Cantwell: New Oil Spill Drilling Regulations Must Be Tough and Comprehensive

Points out loophole; wants independent certification of offshore drilling equipment

WASHINGTON, DC – Today, U.S. Senator Maria Cantwell (D-WA) proposed strengthening offshore oil and gas drilling safety measures recommended by Secretary of Interior Ken Salazar. At an Energy and Natural Resources Senate Committee hearing, Cantwell pointed out a potential loophole in the report’s recommendations that could unintentionally exempt certain offshore drilling rigs from regulation. Many of the recommendations outlined in the report apply only to “Floating vessel” and “Floating drilling operations.” Cantwell pointed out that this language appears to omit a large portion of the rigs operating in the Gulf of Mexico. She said the proposed regulations should apply to all “mobile offshore drilling units” – including barges, sunken platforms, or rigs attached to the seabed by jacks. Cantwell’s end goal is to have all offshore rigs under a tougher regulatory structure.
“Are you considering that definition and how to have it tighter to make sure we don’t have a loophole there?” Senator Cantwell asked Counselor to the Secretary of the Interior Steve Black.
“The recommendations are intended to cover all of the mobile drilling rigs,” Black responded. “We may need to get more information from you just to clarify that answer, but that is our intent.”
Senator Cantwell followed up with: “In the term and in definition I think you are missing some of those mobile offshore drilling units – I think a big number – so I think we should look at that.”
Cantwell also expressed concern over the report’s failure to require industry-wide comprehensive inspections and classifications of offshore drilling units. Instead, the Interior report recommends using a third-party to verify and validate technology in use in blow-out preventers. It does not require even considering a system for classification run by an entity such as the American Bureau of Shipping (ABS).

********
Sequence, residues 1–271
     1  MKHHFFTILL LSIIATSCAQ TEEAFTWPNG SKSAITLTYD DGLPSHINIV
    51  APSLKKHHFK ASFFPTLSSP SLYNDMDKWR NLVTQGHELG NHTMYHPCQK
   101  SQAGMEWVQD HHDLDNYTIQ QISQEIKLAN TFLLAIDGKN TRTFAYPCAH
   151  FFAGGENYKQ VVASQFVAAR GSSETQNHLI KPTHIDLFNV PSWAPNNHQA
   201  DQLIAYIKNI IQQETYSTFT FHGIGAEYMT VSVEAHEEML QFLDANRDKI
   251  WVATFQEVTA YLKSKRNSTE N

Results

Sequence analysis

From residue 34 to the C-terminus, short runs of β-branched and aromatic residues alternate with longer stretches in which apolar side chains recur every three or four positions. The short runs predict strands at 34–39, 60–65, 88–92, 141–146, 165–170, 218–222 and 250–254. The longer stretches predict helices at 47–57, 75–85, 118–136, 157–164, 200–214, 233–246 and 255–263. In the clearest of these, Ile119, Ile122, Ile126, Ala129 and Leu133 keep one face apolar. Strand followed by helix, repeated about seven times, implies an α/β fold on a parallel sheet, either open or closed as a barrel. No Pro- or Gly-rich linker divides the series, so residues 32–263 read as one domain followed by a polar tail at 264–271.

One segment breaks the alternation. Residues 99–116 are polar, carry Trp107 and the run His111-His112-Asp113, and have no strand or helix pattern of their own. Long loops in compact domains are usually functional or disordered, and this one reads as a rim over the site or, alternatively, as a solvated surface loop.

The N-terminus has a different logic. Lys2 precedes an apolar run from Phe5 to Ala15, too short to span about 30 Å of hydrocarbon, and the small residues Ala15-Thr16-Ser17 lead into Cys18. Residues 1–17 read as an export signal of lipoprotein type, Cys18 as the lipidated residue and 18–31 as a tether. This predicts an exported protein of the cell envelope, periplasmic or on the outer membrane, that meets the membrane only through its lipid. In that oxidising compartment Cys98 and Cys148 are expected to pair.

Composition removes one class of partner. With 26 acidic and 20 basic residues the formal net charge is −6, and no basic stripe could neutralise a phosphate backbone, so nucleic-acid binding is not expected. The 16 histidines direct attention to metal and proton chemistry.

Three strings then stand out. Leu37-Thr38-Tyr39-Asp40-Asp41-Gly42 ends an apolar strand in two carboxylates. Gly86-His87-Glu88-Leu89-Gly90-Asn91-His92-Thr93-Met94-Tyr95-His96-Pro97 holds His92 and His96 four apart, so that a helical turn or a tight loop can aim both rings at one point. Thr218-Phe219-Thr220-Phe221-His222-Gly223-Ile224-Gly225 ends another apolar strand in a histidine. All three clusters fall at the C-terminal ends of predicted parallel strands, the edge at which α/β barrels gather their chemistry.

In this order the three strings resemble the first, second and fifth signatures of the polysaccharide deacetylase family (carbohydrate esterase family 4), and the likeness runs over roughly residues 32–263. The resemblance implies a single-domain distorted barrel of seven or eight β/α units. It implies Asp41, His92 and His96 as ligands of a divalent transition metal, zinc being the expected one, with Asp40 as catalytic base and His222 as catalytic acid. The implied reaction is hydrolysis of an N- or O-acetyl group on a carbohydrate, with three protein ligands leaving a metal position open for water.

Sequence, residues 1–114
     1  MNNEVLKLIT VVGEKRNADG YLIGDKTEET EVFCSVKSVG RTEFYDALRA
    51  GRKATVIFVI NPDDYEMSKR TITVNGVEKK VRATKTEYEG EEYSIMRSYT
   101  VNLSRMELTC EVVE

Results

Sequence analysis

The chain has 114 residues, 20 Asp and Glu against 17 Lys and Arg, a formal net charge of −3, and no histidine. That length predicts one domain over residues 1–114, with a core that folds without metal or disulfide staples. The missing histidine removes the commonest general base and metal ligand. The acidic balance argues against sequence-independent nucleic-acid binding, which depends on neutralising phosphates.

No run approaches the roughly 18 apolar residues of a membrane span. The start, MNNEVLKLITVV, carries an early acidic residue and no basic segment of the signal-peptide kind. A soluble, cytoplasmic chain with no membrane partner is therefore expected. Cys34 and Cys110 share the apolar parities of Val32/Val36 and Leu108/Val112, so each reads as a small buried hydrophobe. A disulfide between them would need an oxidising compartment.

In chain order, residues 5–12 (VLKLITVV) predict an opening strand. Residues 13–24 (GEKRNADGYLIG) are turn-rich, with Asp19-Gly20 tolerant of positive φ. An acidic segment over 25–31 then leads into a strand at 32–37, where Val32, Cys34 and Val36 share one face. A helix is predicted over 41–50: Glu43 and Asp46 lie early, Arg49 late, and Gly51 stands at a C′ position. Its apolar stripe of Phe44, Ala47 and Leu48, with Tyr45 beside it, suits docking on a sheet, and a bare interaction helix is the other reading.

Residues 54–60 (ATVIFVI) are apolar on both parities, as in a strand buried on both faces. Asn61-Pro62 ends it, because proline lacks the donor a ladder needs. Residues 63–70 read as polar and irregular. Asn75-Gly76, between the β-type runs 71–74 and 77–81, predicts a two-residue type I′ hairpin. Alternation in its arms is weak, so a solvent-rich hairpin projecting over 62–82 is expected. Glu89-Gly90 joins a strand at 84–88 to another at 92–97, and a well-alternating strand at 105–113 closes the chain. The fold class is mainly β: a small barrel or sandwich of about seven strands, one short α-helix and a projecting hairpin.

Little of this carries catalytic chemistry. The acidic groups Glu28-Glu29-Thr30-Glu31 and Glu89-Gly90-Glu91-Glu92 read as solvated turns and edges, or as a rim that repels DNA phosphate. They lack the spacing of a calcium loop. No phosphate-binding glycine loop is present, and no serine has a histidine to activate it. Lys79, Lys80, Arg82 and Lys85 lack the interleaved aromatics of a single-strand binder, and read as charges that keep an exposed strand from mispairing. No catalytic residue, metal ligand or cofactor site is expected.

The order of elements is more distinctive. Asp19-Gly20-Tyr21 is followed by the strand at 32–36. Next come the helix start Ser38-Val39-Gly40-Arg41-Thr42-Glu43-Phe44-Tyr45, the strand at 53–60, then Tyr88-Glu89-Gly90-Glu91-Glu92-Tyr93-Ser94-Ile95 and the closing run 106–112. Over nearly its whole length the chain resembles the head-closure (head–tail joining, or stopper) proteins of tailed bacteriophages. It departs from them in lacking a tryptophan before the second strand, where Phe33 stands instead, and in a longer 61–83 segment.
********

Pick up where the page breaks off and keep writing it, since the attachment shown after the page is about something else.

Senator Cantwell: “You don’t want somebody looking just at a blow-out preventer and whether that works. You’re looking at the blow-out preventer as part of a system, and you want to understand whether the system is going to fail.”
Cantwell plans to introduce legislation that would require all offshore drilling systems in U.S. waters to undergo classification. This process would include not only the casing, blowout preventer, and safety equipment specified in the report, but also the entire drilling system from the surface rig to the wellhead on the seabed. ABS classification of drilling systems has been internationally recognized as an appropriate means for certifying drilling systems under the most stringent governmental offshore regulations around the world, including those governing the North Sea. Currently, these requirements are not mandatory within the United States, and Senator Cantwell believes that this classification needs to be mandatory moving forward in order to provide an additional level of safety in offshore drilling operations.
Ten days after the April 20, 2010 explosion and fire on the offshore drilling rig Deepwater Horizon that killed 11 of the 126 workers on board, President Obama directed Secretary Salazar to report within 30 days on how to improve the safety of oil exploration and production on the outer continental shelf (OCS). Salazar created the OCS Safety Oversight Board, made up of the Department’s Assistant Secretary of Land and Minerals Management; the Assistant Secretary for Policy, Management and Budget; and the Inspector General, and tasked that group with preparing the report. The report was peer reviewed by seven experts recommended by the National Academy of Engineering. The report, “Increased Safety Measurers for Energy Development on the Outer Continental Shelf” was released on May 27th and can be accessed through this link.
Cantwell is chair of the Oceans, Atmosphere, Fisheries, and Coast Guard Subcommittee, which has jurisdiction over matters that impact our oceans, coasts and climate, and she also chairs the Energy Subcommittee.
Watch a video of Senator Cantwell’s questioning today of Department of Interior officials.
High quality audio and video available upon request.